My Day by Eleanor Roosevelt

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NEW YORK, Tuesday—It is fitting, I think, that the ashes of Dr. Leo S. Rowe, late Director General of the Pan American Union, should be deposited in the Pan American Union Building in Washington. He devoted his life to the building up of better relations between the Americas. The grief over his passing felt by all the representatives of the Latin American countries is genuine. No one who knew him could doubt his real desire for better understanding among the countries in this hemisphere.

It will be difficult indeed to find a successor to Dr. Rowe. He gave himself completely to his work, and it will take a new director a long time to build up the personal friendships which helped Dr. Rowe so much in accomplishing his official tasks.

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It was sad, too, that the Greek delegation to the United Nations had to suffer the loss of Ambassador Diamantopoulos at this critical time.

Whatever the political situation may be in Greece, no one can doubt that the Greek people have suffered greatly. The reports of conditions among the women and children are heartrending. I hope that there will be no break in the relief program for providing food and medical care for the children of both Europe and Asia.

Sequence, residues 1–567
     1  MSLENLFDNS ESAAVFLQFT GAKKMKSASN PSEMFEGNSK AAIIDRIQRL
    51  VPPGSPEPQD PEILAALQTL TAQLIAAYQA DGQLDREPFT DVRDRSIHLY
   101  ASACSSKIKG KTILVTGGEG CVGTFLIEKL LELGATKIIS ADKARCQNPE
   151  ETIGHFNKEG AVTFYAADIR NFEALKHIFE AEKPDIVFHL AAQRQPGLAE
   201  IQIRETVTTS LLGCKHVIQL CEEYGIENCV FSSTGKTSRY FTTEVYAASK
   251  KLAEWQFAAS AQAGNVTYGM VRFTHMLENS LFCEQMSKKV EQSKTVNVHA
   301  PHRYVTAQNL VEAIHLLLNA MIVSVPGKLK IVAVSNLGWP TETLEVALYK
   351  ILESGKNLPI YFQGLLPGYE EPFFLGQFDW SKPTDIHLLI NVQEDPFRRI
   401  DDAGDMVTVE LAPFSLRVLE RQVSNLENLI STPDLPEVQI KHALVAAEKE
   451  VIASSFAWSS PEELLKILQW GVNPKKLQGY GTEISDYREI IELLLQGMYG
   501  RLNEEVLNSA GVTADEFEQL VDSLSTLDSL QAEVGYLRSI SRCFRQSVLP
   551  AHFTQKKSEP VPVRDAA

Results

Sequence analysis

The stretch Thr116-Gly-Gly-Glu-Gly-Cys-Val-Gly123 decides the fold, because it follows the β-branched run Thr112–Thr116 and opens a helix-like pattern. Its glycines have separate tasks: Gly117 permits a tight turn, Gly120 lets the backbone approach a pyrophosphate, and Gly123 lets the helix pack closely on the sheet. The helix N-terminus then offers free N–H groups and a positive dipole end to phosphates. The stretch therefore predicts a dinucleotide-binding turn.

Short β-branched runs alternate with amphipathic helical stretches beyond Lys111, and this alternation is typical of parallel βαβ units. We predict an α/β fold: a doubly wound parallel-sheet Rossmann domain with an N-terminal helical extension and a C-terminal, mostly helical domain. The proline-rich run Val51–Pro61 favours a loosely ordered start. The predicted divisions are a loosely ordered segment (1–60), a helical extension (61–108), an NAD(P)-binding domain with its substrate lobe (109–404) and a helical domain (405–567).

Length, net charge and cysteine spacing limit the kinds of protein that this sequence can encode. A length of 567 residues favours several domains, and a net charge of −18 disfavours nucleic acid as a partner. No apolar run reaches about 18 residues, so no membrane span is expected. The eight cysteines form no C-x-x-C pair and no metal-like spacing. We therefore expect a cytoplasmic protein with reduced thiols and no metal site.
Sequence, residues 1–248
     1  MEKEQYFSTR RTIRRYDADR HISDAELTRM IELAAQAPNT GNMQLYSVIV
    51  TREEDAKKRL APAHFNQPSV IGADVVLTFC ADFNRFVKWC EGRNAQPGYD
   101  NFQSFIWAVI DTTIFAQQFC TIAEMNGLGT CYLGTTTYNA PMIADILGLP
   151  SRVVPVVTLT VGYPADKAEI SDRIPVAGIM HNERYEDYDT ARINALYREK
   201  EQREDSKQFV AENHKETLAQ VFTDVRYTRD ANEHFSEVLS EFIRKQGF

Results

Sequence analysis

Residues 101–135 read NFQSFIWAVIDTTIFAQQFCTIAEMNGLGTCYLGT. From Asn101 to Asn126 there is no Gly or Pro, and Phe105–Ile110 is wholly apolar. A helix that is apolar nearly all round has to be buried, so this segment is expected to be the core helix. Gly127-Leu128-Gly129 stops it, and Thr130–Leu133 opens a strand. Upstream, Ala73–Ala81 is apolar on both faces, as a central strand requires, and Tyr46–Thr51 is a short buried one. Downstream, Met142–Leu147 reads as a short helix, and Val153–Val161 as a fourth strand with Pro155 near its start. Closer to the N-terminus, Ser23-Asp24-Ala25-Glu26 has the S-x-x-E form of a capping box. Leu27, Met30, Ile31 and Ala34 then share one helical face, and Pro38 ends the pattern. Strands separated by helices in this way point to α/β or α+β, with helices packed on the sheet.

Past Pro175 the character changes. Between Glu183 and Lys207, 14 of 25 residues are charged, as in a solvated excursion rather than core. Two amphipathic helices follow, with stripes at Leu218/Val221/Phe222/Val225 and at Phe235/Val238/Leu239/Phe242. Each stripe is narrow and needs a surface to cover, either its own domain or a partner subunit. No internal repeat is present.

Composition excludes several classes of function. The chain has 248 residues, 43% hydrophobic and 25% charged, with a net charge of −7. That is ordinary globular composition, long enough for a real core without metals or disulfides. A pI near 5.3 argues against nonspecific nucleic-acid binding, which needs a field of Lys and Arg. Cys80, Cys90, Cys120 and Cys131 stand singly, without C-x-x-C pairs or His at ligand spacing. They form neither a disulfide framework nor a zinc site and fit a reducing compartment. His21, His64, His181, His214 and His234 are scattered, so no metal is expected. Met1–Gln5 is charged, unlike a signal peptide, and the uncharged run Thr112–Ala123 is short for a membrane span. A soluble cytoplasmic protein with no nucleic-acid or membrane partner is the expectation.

Children in the countries which were invaded early in the war are now a critical condition. Every added year in a restricted diet means that much less chance for rehabilitation. No one wants to discriminate among children. All of us want to see every child, whether in an enemy or an allied country, properly fed and clothed and housed and given the necessary medical care. Every added year of wartime conditions in a country means serious deterioration in the health of the children.

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We are beginning now to try to remedy the results of war, and we must face the fact that the percentage of tuberculosis and of diseases arising from malnutrition is higher in certain countries than in others. As it becomes more and more possible to send personal packages to individuals, I hope this will be done, but I hope it will not be done at the expense of the overall contribution to relief which will be distributed on the basis of need.

And I hope that whatever organization conducts this work will emphasize the fact that not just any kind of food, but the kind of food and medicine to stop the ravages of disease and build up resistance, must be provided. Even if the countries which did not suffer war on their own doorsteps have to continue restrictions in their own diet, the future will justify their sacrifice.

E. R.